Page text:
There is substantial scientific evidence from multiple disciplines that the mobile media children use and how they use them influence their development and their physical, mental and social health. Among areas of concern in children are: risk-taking, sexual behavior, alcohol, tobacco and drug use, violence, obesity, disordered eating, learning, sleep and social connectedness.
The American Academy of Pediatrics has been issuing policy statements on the health effects of media for over 30 years and observant pediatricians recognize that their patients are affected. But a lack of clear diagnostic criteria and therapeutic guidelines combined with increasing demands on ever-shorter patient visits have made it difficult to prioritize and integrate media-related anticipatory guidance, diagnosis and treatment into standard of care pediatric practice. …Read More
On May 6, clinicians and families gathered at the 2017 Clavin Conference for Family Education in Epilepsy to discuss the latest information about this condition. A major theme that emerged at the conference was that epilepsy isn’t a one-size-fits-all condition — and seizure activity can change over time as young brains develop. Because children are one of the fastest-growing groups of Americans being diagnosed with epilepsy, keeping up with the latest in clinical care for epilepsy is crucial, says Phillip Pearl, MD, director of the Epilepsy Center at Boston Children’s Hospital. Here, he shares four recent trends in the field. …Read More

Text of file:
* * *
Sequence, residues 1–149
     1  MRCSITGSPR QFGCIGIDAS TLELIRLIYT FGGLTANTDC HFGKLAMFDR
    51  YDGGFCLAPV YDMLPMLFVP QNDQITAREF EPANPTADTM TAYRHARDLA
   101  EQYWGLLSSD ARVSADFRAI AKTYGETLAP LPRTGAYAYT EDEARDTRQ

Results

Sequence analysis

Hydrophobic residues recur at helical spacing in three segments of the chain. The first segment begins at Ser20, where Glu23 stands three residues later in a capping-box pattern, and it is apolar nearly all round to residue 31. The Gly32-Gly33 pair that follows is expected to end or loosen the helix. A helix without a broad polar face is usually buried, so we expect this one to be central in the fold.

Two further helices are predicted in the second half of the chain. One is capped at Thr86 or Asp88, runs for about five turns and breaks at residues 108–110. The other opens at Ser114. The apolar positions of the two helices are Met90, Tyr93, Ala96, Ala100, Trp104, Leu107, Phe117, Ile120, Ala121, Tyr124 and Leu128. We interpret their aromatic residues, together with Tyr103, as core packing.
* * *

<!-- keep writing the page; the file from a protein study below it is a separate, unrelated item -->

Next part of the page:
Recently retired as Vice President, Associate Chief of Nursing and Director of Clinical Operations at Boston Children’s Hospital, Susan Shaw discusses the power of patient experience and shares lessons learned from her 42-year career working with children and families. …Read More
A recent study published in Pediatrics set off alarm bells for many people who care for teens and young adults. The researchers found an increase in the rate of depression in this population between 2005 and 2014. The most dramatic rise was in girls ages 12 to 18.
Yet, despite the rising numbers of young people facing depression, the study found no correlating increase in the number of teens or young adults seeking treatment. This is worrisome to the study’s authors, who called for more outreach efforts from pediatricians and school health services.
“Overall, I think many Massachusetts pediatricians are doing an excellent job of diagnosing and managing depression in young people,” says Oscar Bukstein, MD, MPH, associate psychiatrist-in-chief and vice chairman of psychiatry at Boston Children’s Hospital. “We’re going in the right direction, but we have a huge population. There’s really no other chronic condition that affects such a large percentage of the population. And the numbers are rising.” …Read More